Pacific Western competes actively for deposits and emphasizes solicitation of noninterest-bearing deposits. In managing the top line of our business, we focus on loan growth, loan yield, deposit cost, and net interest margin, as net interest income accounted for 89% of our net revenues (net interest income plus noninterest income) for 2011.

        We have completed 23 business acquisitions since the Company's inception in 1999, including the purchase of Marquette Equipment Finance in January 2012 and the FDIC-assisted acquisitions of Los Padres Bank and Affinity Bank in August 2010 and August 2009, respectively. These acquisitions affect the comparability of our reported financial information as the operating results of the acquired entities are included in our operating results only from their respective acquisition dates. For further information on our acquisitions, see Note 3, Acquisitions, and Note 4, Goodwill and Other Intangible Assets, of the Notes to Consolidated Financial Statements included in "Item 8. Financial Statement and Supplementary Data."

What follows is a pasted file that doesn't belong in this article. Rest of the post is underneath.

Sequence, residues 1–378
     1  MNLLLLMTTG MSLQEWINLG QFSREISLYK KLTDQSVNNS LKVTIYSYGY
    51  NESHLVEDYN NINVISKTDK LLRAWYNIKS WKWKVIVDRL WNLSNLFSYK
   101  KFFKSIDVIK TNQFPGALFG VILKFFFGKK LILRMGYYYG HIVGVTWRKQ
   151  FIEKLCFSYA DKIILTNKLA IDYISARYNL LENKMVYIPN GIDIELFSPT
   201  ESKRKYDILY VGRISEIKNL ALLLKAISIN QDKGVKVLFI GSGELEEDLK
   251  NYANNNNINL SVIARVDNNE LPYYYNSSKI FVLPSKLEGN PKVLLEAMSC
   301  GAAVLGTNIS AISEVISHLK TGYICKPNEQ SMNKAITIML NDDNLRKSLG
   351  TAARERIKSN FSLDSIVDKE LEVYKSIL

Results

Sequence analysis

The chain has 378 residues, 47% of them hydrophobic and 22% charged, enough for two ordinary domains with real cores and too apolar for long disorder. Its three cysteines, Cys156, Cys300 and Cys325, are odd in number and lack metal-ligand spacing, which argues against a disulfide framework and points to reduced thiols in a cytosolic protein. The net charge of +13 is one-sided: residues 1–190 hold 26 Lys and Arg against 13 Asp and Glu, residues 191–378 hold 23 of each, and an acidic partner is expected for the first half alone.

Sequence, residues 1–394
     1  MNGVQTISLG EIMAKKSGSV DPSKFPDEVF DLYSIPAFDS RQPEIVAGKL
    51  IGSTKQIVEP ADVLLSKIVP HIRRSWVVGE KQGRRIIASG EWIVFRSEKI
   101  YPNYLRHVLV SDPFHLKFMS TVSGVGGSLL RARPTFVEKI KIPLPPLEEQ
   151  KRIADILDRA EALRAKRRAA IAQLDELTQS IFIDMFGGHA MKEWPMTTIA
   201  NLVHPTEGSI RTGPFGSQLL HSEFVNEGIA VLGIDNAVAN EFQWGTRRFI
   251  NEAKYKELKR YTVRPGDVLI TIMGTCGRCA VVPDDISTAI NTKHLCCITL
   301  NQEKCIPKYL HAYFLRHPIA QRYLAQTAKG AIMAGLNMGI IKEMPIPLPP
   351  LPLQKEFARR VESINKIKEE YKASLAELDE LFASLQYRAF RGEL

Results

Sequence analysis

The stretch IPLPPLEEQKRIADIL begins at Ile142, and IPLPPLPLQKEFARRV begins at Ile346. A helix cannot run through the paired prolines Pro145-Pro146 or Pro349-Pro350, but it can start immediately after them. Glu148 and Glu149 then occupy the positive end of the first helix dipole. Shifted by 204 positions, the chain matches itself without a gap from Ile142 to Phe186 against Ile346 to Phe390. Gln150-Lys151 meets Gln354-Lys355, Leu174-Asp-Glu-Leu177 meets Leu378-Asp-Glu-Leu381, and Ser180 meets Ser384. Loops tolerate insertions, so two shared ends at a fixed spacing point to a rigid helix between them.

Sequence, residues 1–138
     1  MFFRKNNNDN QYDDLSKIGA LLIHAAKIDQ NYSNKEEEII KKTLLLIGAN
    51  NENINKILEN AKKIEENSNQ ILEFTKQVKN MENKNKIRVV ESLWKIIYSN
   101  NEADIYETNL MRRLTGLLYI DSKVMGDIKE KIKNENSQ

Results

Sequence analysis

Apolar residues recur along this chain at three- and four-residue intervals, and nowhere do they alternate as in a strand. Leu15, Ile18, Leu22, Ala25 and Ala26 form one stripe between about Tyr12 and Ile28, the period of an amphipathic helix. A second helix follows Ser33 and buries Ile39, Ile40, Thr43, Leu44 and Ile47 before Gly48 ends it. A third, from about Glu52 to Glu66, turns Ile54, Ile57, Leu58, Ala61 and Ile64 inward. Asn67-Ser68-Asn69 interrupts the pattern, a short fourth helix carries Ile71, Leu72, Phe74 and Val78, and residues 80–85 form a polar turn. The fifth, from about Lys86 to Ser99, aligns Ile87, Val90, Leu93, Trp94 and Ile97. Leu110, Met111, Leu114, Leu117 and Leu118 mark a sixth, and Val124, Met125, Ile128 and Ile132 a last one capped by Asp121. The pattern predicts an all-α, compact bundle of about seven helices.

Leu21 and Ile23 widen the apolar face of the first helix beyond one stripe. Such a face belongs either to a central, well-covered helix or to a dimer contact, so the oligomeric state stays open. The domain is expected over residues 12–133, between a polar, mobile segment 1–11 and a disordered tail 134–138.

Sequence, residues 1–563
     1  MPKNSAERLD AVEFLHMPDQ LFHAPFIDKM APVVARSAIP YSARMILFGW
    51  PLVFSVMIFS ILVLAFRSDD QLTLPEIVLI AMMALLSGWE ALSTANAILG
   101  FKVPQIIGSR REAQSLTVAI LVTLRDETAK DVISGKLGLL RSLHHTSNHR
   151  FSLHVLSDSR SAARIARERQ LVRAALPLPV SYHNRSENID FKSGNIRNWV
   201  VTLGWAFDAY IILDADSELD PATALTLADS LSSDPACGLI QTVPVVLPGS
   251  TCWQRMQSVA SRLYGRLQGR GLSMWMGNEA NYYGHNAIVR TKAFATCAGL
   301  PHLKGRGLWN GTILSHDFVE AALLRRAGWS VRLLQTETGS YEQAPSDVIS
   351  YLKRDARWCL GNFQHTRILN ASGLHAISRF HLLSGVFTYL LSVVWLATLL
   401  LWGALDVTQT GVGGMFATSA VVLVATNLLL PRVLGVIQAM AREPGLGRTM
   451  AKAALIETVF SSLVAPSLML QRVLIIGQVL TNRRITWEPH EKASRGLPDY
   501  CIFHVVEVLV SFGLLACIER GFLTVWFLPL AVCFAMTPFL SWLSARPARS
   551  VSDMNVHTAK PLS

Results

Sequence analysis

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        On January 3, 2012, Pacific Western Bank completed the acquisition of Marquette Equipment Finance, or MEF, an equipment leasing company located in Midvale, Utah. Pacific Western Bank acquired all of the capital stock of MEF from Meridian Bank, N.A. for $35 million in cash. MEF focuses on business-essential equipment leases throughout the United States with transactions primarily in the mid-ticket segment. This acquisition diversifies our loan portfolio, expands our product line, and provides growth opportunities. It also importantly deployed our excess liquidity into higher-yielding assets.